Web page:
Sulaikha Manzil, a film by Ashraf Hamza, explores the pre-marital stress that many couples endure and manages to capture these moments in a lighthearted way. The movie, however, falls short of making any meaningful arguments because it frequently comes off as cliched and excessively joyous in some places.
With little prior acquaintance, Haala (Anarkali Marikar) and Ameen (Lukman) find themselves caught up in an arranged marriage. Haala, who is still dealing with the effects of a previous breakup, is ready for the marriage thanks to the strained relationship she has with her older brother Sameer. The wedding is in barely two weeks, but Ameen feels they should spend more time together before being married. Ameen tries to connect with Haala, but she shows no interest, which causes problems that almost cause the marriage to fail. The tension-filled feelings they experienced the night before their wedding and the planning for the big day are the plotlines for the film.
While the movie features many characters, as one would expect from a huge wedding-themed plot, it lacks excitement, especially in the plodding first half. The jokes occasionally fall flat, presumably as a result of linguistic problems, and the comedy sometimes lacks impact. Another flaw is the writing’s superficial treatment of various circumstances, which leaves out important opportunities to explore the characters’ feelings.
In the majority of the movie, Ashraf’s honest endeavour to convey a straightforward and realistic tale of two people in an arranged marriage is evident. In it, two people navigate their disagreements and uncertainties while remaining within the parameters of their marriage. The portrayal of Anarkali Marikar’s Haala and Lukman Avaran’s Ameen’s attempts to express their wants and expectations, as well as the occasional blunders that every young couple encounter is genuine and relevant.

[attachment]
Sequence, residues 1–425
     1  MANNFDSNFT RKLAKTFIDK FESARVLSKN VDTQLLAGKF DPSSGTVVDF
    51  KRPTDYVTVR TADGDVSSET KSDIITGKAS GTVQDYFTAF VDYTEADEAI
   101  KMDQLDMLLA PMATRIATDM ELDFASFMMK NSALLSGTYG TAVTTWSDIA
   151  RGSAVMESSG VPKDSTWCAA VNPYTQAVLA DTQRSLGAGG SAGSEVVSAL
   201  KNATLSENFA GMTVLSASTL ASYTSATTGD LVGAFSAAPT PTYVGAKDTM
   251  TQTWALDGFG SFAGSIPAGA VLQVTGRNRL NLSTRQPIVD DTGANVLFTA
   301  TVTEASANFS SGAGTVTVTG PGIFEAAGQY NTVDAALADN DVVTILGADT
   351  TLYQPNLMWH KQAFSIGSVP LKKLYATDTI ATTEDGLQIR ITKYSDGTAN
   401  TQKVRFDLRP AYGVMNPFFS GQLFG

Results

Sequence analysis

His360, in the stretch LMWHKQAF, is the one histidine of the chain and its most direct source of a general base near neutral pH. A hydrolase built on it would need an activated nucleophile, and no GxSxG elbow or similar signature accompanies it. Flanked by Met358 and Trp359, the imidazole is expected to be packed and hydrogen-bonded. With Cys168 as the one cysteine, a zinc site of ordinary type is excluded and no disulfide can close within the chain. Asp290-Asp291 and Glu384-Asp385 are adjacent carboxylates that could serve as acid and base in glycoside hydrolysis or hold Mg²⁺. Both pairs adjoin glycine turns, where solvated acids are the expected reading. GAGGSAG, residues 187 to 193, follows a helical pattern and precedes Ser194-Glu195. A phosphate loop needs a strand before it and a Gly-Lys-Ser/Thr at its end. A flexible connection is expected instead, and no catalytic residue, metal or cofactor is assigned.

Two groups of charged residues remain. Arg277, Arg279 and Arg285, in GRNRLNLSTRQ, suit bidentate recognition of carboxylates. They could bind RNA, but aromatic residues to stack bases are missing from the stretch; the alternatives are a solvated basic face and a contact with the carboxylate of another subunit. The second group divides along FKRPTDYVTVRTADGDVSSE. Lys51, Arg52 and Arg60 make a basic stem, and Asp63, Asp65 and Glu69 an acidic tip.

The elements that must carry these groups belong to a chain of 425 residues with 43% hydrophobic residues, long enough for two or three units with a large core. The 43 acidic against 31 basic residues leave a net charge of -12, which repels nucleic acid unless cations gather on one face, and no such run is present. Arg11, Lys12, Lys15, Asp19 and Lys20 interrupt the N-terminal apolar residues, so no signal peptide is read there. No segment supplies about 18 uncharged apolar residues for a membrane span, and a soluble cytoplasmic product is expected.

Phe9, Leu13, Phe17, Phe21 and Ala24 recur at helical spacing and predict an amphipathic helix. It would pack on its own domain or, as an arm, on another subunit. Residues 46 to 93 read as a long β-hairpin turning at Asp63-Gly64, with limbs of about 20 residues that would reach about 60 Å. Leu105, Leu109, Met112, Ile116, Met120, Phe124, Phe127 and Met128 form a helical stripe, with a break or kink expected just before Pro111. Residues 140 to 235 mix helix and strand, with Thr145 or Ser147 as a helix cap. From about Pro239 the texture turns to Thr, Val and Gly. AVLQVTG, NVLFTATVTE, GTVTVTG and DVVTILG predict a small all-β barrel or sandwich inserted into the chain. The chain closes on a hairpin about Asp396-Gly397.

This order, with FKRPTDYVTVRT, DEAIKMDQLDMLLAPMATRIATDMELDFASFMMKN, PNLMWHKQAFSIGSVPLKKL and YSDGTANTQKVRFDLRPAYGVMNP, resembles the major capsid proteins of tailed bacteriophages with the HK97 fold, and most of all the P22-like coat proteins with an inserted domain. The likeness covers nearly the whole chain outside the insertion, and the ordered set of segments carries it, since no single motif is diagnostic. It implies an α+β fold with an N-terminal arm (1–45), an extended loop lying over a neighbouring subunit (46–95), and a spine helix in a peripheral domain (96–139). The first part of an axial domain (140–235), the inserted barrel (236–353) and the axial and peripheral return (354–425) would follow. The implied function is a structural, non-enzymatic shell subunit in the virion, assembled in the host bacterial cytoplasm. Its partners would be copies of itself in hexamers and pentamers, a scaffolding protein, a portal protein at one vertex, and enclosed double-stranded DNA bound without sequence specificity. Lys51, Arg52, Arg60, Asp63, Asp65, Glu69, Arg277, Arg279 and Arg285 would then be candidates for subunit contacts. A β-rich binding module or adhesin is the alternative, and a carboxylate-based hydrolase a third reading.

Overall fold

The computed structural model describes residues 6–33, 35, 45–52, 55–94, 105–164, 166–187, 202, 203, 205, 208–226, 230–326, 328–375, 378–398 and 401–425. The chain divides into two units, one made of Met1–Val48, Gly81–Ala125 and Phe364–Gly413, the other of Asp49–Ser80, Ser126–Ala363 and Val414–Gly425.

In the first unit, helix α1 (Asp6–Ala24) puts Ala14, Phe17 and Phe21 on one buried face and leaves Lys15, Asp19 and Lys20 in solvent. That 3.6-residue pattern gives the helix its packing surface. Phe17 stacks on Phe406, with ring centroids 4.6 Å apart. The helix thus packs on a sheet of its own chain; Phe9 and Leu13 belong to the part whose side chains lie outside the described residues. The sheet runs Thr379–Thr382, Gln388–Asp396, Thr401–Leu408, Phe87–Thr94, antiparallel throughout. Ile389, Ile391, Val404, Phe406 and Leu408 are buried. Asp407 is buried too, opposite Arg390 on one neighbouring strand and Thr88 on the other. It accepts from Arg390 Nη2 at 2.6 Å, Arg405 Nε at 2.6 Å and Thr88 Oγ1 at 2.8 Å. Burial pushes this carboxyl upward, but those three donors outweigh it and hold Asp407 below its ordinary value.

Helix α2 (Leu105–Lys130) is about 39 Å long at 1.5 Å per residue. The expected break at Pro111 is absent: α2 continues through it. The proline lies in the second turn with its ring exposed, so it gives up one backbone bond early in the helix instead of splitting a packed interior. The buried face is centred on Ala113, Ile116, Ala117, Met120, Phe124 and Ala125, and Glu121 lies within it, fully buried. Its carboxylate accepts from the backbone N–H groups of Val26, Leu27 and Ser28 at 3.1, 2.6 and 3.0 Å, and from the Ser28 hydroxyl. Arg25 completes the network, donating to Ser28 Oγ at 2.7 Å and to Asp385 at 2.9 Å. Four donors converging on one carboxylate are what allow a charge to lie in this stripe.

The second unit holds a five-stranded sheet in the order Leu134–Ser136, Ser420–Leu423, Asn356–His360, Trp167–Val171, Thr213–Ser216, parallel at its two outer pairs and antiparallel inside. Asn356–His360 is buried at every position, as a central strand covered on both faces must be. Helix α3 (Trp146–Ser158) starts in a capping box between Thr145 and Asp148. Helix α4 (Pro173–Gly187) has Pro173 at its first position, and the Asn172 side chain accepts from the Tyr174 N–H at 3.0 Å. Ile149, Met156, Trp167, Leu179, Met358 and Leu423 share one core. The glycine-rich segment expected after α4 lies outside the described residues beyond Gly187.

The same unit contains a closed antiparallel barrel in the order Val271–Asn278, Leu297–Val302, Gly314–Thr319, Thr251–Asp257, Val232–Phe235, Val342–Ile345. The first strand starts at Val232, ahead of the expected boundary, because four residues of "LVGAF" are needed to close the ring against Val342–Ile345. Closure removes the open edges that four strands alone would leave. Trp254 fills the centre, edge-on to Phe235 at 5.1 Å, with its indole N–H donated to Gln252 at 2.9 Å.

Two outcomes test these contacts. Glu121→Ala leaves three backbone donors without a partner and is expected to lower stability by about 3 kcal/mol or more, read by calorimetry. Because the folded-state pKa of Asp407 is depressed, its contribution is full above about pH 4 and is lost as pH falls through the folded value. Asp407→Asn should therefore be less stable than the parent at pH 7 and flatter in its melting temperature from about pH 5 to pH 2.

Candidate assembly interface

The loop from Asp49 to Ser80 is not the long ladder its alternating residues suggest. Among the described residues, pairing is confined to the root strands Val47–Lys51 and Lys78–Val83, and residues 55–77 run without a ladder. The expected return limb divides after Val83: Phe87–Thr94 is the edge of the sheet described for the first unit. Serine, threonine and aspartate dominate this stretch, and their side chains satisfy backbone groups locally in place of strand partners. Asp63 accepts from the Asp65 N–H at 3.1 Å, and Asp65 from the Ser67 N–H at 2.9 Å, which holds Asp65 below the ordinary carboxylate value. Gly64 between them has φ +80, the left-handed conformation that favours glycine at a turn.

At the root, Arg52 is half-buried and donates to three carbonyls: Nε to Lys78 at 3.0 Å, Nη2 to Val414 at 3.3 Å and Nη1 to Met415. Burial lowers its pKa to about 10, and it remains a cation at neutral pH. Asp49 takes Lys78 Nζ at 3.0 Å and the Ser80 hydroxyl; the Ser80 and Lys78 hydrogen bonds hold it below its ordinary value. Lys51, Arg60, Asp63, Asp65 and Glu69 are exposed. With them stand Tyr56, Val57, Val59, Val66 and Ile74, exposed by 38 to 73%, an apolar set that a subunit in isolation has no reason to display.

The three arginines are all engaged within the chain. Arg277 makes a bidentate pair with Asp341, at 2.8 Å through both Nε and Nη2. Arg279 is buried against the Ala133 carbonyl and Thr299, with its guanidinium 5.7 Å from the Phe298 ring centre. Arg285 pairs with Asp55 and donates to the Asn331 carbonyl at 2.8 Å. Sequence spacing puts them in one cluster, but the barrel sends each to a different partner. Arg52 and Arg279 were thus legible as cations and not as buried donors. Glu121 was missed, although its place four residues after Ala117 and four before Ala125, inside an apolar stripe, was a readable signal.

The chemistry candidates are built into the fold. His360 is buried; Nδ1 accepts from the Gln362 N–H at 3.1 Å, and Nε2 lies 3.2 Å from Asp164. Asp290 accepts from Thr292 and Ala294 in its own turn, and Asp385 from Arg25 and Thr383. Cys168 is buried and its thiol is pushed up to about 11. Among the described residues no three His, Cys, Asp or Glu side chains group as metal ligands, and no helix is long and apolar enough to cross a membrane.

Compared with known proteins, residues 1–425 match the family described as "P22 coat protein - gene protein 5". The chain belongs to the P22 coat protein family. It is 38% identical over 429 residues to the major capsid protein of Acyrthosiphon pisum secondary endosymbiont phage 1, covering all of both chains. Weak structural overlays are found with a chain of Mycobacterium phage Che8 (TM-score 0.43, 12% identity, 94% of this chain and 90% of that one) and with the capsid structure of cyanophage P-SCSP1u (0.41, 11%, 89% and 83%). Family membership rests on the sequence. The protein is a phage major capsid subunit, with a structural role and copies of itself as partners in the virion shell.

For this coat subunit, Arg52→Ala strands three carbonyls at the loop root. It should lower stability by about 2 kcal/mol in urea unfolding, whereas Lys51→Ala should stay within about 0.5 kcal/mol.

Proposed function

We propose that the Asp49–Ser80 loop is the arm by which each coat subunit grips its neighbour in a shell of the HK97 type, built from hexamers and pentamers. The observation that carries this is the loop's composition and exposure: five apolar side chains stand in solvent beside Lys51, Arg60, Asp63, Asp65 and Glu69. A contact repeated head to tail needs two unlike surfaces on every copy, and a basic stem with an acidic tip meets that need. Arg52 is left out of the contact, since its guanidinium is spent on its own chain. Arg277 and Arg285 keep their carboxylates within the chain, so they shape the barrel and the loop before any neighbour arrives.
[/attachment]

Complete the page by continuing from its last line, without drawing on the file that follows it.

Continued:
Through the performers’ riveting performances and the director’s evocative environment produced through music and dance, the movie does find redemption. A superb portrayal is presented by Lukman, who successfully conveys the full gamut of Ameen’s feelings, including his joy, anxieties, and fury. Anarkali excels in her role as Haala, expertly expressing her plight through subtle body language, sentence delivery, and mannerisms while avoiding the melodrama trap.
The script softly romanticises and glosses over a major issue—depriving people of their personal autonomy—despite the movie’s positive qualities. It is impossible to discount Haala’s awful circumstances, which included being forced by her family into an arranged marriage and forced to leave her genuine love. Accepting this fate requires her to ignore some troubling characteristics of her boyfriend and attribute them to his purported care for others’ pleasure. Regardless matter how softly it is said, promoting the notion that women should sacrifice their personal desires for the “greater good” of the family is a dated message that has no place in this day and age. Instead of promoting the idea that personal freedom must be sacrificed for societal norms, it is crucial to promote narratives that enable people to make decisions based on their own satisfaction and agency.
Despite the great performances and the occasional feel-good scenes, there aren’t many things in the movie that actually excite the audience. Despite dealing with a serious subject, the film fails to make an impression on the audience. It is unable to fully explore the breadth and complexity of the subject matter it discusses, failing to ring true or remain in mind. The performances and sporadic upbeat passages might make for passing amusement, but the movie falls short of forging a deep and lasting bond with the viewer.